The specifications you have provided demonstrate that the article is, in fact, a pneumatic hammer drill powered by an air-cooled, 2-cycle gasoline engine. Heading 8467, HTSUS, provides for “[t]ools for working in the hand, pneumatic, hydraulic or with self-contained nonelectric motor, and parts thereof: Pneumatic[.]” The pneumatic drill is classifiable according to the terms of this heading.
EN 84.67, page 1394, states in pertinent part:
“This heading covers tools which incorporate a
compressed air motor (or compressed air operated
piston), an internal combustion motor or any other non-
electric motor. . . .”
The pneumatic drill has no external source of compressed air. The “compressed air motor” is actually a cylinder with a piston inside it. Power is supplied to the cylinder and piston by a gas engine through a gear. When power is supplied, air in the cylinder is pressurized. This pressurization forces the piston forward to apply force activating whatever tool is being used. Compressed air is evacuated by valves permitting repetition of the process and causing the piston to move back and forth. This rapid back-and-forth movement causes a drill to rotate or a hammer to deliver blows.
Under heading 8467, HTSUS, we note that the subject article is prima facie classifiable under two subheadings: 8467.11.50 and 8467.89.50, HTSUS. Comparing the terms of these two subheadings, we find however, that each subheading describes part only of the components in this tool. Subheading 8467.11.50, HTSUS, describes the subject article’s pneumatic feature, while subheading 8467.89.50, HTSUS, prima facie provides for only the gas engine feature.
GRI 6 states in part, that for legal purposes, the classification of goods in the subheadings of a heading shall be determined according to the terms of those subheadings and any related subheading notes and, by appropriate substitution of terms, to GRIs 1 through 5, on the understanding that only subheadings at the same level are comparable.
GRI 3(b) states that when goods are, prima facie, classifiable under two or more headings, classification shall be effected as follows: “[m]ixtures, composite goods consisting of different materials or made up of different components, and goods put up in sets for retail sale, which cannot be classified by reference to GRI 3(a), shall be classified as if they consisted of the material or component which gives them their essential character . . .” [emphasis added].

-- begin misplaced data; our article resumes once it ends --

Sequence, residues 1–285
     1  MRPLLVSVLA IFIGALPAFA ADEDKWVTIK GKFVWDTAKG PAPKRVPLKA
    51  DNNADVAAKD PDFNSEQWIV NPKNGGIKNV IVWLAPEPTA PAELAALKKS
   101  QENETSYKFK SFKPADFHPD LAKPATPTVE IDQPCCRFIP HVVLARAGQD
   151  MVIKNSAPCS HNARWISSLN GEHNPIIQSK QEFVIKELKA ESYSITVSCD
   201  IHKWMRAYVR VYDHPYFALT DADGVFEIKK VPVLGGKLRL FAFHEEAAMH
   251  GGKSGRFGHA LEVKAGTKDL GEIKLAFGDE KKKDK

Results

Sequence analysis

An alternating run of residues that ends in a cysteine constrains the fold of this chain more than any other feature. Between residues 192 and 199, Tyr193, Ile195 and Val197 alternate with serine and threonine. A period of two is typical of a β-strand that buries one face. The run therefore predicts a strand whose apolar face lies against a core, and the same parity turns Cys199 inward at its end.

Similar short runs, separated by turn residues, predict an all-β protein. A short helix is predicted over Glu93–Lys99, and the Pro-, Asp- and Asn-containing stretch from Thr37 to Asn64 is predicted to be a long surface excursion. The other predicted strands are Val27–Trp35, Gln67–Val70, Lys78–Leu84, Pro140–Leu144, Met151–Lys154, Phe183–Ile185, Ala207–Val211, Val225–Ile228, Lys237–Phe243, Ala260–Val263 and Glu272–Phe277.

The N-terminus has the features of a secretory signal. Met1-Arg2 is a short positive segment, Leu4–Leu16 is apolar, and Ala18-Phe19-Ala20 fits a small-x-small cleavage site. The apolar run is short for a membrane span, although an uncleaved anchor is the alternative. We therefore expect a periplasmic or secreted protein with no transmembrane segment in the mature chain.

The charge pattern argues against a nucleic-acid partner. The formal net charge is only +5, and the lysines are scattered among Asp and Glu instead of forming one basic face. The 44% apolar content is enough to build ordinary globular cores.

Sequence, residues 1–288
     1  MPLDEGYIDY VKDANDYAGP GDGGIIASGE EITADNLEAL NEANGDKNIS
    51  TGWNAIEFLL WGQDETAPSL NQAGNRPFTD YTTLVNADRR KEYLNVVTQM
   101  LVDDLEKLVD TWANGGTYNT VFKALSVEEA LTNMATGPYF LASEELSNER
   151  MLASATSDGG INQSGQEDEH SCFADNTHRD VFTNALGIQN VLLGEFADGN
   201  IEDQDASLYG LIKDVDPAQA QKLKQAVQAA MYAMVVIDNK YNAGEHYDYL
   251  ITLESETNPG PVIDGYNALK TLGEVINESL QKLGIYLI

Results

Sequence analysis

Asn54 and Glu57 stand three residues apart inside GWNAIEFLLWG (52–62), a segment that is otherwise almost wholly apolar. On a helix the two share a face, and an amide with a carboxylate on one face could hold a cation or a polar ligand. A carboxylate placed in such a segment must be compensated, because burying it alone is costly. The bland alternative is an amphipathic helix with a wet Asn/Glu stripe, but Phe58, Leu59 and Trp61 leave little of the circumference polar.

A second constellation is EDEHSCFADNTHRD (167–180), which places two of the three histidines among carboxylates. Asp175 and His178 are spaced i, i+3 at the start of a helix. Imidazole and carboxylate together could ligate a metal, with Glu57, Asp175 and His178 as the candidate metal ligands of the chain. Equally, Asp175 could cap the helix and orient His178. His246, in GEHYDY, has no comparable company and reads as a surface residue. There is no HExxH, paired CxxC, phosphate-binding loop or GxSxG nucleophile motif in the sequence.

In defining “essential character” for purposes of GRI 3(b), the Court of International Trade has looked to the role of the constituent parts and materials in relation to the use of the good, and found that the component that performs the “indispensable function” of the article, imparts the “essential character” of the good. Mita Copystar America, Inc., v. United States, 966 F. Supp. 1254 (CIT 1997), motion for rehearing and reconsideration denied, 994 F. Supp. 393 (CIT 1998), and Vista International Packaging Co., v. United States, 19 CIT 868, 890 F. Supp. 1095 (1995).
In the instant case, the pneumatic component of the subject article is essential to its operation. However, absent the article’s gas engine the pneumatic component will not function. Thus, while each subheading, 8467.11.50 and 8467.89.50, describes an essential component of the article, neither includes both. Both the pneumatic component and the gas engine are indispensible to the drill’s ability to function. Where the “essential character” of the subject article cannot be determined from the terms provided under two competing subheadings by reference to GRI 3(a) or GRI 3(b), GRI 3(c) should be applied at GRI 6. Thus, at GRI 3(c), the pneumatic drill is classifiable under the “[sub]heading which occurs last in numerical order among those which equally merit consideration.” The pneumatic drill is, therefore, classifiable under subheading 8467.89.50, HTSUS.
The pneumatic drill, is not provided for under subheading 8508.10.00, HTSUS, as an “[e]lectromechanical tool for working in the hand, with self-contained electric motor; parts thereof: Drills of all kinds . . . Other, including hammer drills.” The pneumatic drill is classifiable under subheading 8467.89.50, HTSUS, which provides for
“[t]ools for working in the hand, pneumatic, hydraulic or with self-contained nonelectric motor, . . .Other tools, other, other.”
EFFECT ON OTHER RULINGS:
NY E87021, dated September 14, 1999, is hereby REVOKED. In accordance with 19 U.S.C. 1625(c), this ruling will become effective 60 days after its publication in the customs bulletin.
John Durant, Director
Commercial Rulings Division